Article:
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Seahawks-Ravens: 3 key matchups to watch in Week 7

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Seattle Seahawks v Arizona Cardinals Photo by Norm Hall/Getty Images

On Sunday, the Seahawks will round out their schedule against the AFC North and attempt to finish 4-0, having previously defeated the Bengals, Steelers and Browns. Of course, the Ravens’ trip to Seattle is most notable for the return of All-Universe safety Earl Thomas, who signed with Baltimore after nine seasons with the Seahawks. But it’s also a battle of two teams with similar styles, with offenses predicated around the running game and dynamism from their quarterback, and defenses receiving (mostly) lackluster play up front.

Two of the NFL’s premier franchises will come head-to-head in one of the league’s finest venues on Sunday. Here are the matchups to watch in what should be a terrific game.

Mychal Kendricks vs Mark Andrews

From practically the moment Lamar Jackson took over under center for the Ravens, in Week 11 of 2018, Andrews established himself as the dual threat’s favorite target, and that has continued in 2019. Through six weeks, Andrews leads Baltimore in targets, receptions, receiving yards and touchdowns. Andrews’ breakout in 2019 was largely predicted, and it has come to fruition because of Jackson’s unwavering trust in his tight end, and reliance on the underneath part of the field. That will continue in Week 7, with Andrews likely to have a fair bit of joy against Seattle, finding the soft spots of their zone defense over the middle of the field.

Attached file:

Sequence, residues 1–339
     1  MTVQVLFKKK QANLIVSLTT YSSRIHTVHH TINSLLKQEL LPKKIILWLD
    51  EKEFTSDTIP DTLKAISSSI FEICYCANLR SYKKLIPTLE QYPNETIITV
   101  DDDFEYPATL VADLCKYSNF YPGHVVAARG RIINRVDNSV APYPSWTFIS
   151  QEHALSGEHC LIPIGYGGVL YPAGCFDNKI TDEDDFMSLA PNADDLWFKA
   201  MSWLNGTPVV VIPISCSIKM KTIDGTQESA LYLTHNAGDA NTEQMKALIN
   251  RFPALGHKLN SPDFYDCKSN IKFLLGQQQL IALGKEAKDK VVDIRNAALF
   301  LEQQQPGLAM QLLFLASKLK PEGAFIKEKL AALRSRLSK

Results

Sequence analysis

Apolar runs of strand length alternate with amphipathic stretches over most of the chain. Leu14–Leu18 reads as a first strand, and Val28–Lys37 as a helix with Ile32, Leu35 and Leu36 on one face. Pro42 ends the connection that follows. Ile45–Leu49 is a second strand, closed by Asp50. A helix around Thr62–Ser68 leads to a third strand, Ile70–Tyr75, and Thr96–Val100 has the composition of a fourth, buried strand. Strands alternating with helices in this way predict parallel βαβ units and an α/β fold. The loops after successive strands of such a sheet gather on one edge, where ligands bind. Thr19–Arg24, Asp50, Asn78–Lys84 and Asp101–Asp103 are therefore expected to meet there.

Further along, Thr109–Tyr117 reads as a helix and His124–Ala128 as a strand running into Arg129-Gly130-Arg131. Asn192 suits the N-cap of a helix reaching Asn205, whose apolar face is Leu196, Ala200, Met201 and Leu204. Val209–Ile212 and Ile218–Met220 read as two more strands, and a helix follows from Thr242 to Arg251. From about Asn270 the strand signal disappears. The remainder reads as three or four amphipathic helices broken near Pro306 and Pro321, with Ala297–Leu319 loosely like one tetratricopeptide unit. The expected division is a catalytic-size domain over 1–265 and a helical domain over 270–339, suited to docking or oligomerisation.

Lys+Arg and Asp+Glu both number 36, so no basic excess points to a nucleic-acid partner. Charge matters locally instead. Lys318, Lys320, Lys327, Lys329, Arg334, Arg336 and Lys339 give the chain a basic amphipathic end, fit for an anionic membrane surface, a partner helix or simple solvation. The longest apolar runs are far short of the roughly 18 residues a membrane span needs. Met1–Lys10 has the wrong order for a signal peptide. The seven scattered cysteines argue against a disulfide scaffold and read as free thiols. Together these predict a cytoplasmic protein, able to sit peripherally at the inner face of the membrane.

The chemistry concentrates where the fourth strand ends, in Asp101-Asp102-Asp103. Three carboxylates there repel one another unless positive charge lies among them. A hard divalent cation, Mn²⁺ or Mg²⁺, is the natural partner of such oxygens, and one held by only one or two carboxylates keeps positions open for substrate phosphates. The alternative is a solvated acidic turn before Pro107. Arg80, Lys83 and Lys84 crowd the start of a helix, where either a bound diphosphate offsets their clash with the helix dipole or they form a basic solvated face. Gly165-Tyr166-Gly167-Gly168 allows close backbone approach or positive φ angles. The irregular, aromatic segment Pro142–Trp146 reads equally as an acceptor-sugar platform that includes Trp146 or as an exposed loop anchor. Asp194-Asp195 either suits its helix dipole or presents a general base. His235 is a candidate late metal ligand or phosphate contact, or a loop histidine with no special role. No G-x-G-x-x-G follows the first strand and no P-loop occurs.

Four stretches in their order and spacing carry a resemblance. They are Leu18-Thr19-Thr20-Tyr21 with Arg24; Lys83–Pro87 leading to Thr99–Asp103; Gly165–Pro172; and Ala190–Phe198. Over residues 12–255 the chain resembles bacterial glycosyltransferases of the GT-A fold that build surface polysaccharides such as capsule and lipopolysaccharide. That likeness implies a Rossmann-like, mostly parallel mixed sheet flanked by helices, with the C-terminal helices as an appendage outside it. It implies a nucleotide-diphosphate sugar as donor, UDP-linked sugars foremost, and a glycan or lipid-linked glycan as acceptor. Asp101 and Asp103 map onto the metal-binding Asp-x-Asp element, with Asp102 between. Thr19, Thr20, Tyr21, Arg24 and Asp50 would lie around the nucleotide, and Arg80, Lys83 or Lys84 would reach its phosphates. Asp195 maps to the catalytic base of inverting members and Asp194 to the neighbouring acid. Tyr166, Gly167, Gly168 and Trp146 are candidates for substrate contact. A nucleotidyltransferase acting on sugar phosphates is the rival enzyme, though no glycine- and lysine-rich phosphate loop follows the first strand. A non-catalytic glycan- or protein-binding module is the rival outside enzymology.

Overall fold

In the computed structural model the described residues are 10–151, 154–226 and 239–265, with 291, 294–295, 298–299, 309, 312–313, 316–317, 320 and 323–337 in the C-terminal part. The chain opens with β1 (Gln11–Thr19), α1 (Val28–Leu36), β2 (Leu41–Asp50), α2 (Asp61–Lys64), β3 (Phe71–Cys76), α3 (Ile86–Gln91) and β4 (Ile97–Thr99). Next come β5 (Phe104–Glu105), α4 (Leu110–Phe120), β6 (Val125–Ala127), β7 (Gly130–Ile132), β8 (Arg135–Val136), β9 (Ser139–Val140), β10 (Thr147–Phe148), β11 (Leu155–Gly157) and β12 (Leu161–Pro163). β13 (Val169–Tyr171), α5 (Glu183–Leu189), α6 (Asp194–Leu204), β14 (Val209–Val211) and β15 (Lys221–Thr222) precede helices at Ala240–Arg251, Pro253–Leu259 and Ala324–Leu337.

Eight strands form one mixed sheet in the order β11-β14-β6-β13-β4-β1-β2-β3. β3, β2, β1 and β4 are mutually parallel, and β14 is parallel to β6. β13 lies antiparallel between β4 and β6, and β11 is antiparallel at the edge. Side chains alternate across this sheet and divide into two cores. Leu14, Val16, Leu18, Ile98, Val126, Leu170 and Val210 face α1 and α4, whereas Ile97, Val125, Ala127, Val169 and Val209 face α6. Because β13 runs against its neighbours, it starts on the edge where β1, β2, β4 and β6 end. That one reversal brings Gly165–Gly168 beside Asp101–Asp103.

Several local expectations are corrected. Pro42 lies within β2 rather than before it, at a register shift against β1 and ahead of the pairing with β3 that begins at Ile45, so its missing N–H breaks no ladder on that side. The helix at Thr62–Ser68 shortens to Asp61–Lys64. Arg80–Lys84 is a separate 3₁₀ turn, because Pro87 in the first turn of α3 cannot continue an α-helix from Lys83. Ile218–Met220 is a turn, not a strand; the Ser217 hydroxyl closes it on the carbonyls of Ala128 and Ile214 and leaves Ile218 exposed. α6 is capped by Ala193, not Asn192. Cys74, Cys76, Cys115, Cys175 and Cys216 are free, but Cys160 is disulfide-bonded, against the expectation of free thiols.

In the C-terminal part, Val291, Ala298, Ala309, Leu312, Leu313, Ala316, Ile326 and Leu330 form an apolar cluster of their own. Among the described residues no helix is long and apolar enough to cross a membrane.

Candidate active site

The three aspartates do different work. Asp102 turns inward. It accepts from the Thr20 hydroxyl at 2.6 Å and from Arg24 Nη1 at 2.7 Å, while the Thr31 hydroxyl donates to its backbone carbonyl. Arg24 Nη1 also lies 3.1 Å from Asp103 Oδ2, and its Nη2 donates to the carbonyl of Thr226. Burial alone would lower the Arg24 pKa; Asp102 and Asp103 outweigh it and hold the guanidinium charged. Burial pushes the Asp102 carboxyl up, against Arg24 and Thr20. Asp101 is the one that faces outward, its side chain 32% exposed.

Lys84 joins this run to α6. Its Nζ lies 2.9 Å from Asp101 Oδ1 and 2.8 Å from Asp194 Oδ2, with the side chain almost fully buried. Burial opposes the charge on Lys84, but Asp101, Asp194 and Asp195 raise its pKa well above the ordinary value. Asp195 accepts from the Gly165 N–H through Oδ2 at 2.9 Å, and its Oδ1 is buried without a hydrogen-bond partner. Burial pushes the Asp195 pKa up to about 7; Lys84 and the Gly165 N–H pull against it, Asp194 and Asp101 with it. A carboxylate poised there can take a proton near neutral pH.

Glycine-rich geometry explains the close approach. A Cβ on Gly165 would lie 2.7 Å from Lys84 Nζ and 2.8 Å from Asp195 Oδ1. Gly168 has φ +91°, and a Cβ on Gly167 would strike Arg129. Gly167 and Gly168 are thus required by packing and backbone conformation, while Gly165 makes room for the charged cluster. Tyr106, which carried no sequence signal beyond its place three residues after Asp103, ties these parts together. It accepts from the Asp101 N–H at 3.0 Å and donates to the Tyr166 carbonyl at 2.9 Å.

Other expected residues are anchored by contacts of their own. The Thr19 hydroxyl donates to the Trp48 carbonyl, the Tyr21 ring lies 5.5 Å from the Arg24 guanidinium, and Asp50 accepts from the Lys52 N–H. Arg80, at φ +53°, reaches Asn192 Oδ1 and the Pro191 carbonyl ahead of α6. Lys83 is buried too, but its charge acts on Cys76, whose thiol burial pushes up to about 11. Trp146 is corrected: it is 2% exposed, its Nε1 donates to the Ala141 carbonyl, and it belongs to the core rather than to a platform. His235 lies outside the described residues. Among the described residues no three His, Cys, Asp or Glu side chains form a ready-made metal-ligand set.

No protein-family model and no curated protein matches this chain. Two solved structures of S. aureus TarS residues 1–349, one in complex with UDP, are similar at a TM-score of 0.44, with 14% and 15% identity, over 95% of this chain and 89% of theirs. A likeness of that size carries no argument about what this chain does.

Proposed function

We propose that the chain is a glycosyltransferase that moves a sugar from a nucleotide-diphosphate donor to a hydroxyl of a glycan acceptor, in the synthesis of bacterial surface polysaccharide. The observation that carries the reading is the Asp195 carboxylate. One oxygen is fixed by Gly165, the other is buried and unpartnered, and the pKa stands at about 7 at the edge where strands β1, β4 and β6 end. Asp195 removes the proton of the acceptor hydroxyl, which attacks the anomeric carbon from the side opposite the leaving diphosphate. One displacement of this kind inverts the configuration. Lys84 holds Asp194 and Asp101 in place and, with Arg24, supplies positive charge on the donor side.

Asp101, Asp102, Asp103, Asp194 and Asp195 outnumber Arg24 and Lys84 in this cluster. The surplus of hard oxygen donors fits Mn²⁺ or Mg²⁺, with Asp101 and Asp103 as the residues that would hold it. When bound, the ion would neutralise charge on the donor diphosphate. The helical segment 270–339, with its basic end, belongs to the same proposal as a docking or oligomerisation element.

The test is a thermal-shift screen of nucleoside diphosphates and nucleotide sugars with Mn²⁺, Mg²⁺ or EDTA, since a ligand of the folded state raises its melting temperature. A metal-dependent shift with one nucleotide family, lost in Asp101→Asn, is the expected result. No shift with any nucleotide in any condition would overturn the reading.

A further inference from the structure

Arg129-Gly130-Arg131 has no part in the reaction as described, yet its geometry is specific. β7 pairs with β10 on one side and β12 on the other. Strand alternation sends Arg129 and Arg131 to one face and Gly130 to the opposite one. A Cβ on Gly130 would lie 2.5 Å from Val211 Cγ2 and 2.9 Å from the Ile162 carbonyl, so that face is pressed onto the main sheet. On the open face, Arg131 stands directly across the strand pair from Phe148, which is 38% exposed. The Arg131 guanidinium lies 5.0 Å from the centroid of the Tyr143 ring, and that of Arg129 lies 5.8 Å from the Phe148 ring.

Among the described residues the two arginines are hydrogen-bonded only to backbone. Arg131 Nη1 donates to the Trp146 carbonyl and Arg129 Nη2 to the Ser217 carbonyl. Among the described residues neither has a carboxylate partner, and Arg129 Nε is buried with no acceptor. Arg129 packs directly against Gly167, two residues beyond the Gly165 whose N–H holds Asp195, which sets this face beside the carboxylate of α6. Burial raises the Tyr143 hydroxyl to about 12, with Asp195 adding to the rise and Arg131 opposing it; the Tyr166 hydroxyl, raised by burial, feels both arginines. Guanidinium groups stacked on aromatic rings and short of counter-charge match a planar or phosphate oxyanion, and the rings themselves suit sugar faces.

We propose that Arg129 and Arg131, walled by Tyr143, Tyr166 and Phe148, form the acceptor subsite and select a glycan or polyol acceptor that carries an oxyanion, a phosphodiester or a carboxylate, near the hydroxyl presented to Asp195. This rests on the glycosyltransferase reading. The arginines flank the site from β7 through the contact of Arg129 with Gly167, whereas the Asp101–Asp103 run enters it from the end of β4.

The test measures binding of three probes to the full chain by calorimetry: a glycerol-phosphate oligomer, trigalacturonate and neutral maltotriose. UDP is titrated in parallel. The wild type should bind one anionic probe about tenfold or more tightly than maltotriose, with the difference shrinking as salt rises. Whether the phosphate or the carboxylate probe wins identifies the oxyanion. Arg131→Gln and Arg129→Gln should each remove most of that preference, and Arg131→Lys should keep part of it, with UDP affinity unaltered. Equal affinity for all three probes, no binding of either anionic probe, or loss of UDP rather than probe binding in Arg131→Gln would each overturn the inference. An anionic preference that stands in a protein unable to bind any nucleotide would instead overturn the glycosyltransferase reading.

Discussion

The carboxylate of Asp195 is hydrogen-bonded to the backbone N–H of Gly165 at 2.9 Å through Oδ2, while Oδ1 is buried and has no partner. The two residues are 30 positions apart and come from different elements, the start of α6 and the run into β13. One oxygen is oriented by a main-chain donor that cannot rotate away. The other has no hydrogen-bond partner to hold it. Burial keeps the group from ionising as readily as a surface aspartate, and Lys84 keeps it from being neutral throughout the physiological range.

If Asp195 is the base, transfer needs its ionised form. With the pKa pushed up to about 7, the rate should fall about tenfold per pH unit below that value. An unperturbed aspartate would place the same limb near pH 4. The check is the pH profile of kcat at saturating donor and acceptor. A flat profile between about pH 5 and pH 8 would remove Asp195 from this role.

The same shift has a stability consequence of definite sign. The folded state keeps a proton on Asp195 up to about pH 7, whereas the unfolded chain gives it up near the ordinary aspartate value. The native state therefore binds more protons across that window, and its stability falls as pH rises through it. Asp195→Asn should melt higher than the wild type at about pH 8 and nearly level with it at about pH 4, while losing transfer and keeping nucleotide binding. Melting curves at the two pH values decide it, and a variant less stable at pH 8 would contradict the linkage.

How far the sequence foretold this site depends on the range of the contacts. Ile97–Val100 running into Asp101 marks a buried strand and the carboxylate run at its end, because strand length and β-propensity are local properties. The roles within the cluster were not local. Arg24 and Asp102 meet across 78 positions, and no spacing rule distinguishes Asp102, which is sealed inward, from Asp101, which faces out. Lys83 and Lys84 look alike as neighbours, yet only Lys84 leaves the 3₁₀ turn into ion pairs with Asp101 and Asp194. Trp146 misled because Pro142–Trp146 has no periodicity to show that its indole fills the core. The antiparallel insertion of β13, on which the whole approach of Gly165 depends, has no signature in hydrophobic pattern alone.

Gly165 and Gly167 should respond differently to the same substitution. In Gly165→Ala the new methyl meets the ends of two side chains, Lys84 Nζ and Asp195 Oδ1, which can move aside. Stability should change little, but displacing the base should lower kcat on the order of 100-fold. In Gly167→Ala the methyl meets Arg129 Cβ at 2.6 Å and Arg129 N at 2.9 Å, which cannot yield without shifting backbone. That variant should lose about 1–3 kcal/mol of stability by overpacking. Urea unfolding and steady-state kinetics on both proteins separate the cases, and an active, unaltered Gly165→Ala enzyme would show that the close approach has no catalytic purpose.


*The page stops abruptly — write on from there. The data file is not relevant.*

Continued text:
Andrews presents the latest in a line of unfavorable matchups for Kendricks, who has been tasked with covering—and burned, repeatedly by—tight ends this season. The nature of the zones the Seahawks’ linebackers are asked to drop into will lead to completions, but Kendricks’ stats in coverage are ghastly even in that context: 21 completions allowed on 24 targets, for 159 yards and two touchdowns. (Making things worse is that the three passes not completed on Kendricks were all drops.) While one can debate who is at fault for the touchdown allowed to Ricky Seals-Jones last week in Cleveland, what’s not up for debate is the common thread between most of Kendricks’ coverage snaps in 2019—how utterly lost, and slow, he looks in space:

It’s fair to wonder if Pete Carroll’s goal to have his 11 best defenders on the field includes Kendricks at this point. He’s a fine player in the box and at the line of scrimmage, but Ugo Amadi, Lano Hill or Jamar Taylor, at this stage, would certainly offer more in coverage. Until a change is made, Seattle’s woes defending tight ends will continue, and certainly on Sunday against a strongly established connection between Jackson and Andrews.

DK Metcalf vs Jimmy Smith and Marcus Peters

It seems like just days ago, Metcalf was getting behind Peters in coverage for a 41-yard walk-in touchdown. Oh!

For the second time in three weeks, Peters will be coming to a stadium that’s given him fits over the past couple seasons. There was the Week 5 defeat while he was a member of the Rams, and the season before that, he allowed a 39-yard touchdown to Tyler Lockett and a 31-yard score to David Moore. Luckily (?) for Peters, it’s unlikely he’ll be given a full run on Sunday, having just been acquired. Instead, it’ll be Peters and Jimmy Smith—who is returning from a knee injury—in a platoon on the outside against Metcalf, a week after replacement Maurice Canady was repeatedly posterized by Auden Tate. Marlon Humphrey, Baltimore’s lockdown corner, will likely shadow Tyler Lockett inside and out, as he did last week against Tyler Boyd.